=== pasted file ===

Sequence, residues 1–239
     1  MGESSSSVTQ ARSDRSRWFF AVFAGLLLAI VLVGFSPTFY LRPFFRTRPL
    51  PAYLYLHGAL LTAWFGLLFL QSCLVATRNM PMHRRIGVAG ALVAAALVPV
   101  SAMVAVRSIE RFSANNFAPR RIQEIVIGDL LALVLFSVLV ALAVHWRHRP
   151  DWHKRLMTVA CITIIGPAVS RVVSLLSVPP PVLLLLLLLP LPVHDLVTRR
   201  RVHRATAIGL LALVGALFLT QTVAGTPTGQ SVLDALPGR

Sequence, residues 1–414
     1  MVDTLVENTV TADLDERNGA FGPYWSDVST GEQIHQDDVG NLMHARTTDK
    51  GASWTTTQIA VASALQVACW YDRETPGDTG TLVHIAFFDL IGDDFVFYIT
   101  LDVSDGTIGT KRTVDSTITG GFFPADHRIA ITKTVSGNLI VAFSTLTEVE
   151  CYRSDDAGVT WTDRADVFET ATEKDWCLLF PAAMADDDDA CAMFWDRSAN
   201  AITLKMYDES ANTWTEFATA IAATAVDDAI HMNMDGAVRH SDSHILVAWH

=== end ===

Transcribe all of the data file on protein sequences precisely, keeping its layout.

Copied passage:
Sequence, residues 1–239
     1  MGESSSSVTQ ARSDRSRWFF AVFAGLLLAI VLVGFSPTFY LRPFFRTRPL
    51  PAYLYLHGAL LTAWFGLLFL QSCLVATRNM PMHRRIGVAG ALVAAALVPV
   101  SAMVAVRSIE RFSANNFAPR RIQEIVIGDL LALVLFSVLV ALAVHWRHRP
   151  DWHKRLMTVA CITIIGPAVS RVVSLLSVPP PVLLLLLLLP LPVHDLVTRR
   201  RVHRATAIGL LALVGALFLT QTVAGTPTGQ SVLDALPGR

Sequence, residues 1–414
     1  MVDTLVENTV TADLDERNGA FGPYWSDVST GEQIHQDDVG NLMHARTTDK
    51  GASWTTTQIA VASALQVACW YDRETPGDTG TLVHIAFFDL IGDDFVFYIT
   101  LDVSDGTIGT KRTVDSTITG GFFPADHRIA ITKTVSGNLI VAFSTLTEVE
   151  CYRSDDAGVT WTDRADVFET ATEKDWCLLF PAAMADDDDA CAMFWDRSAN
   201  AITLKMYDES ANTWTEFATA IAATAVDDAI HMNMDGAVRH SDSHILVAWH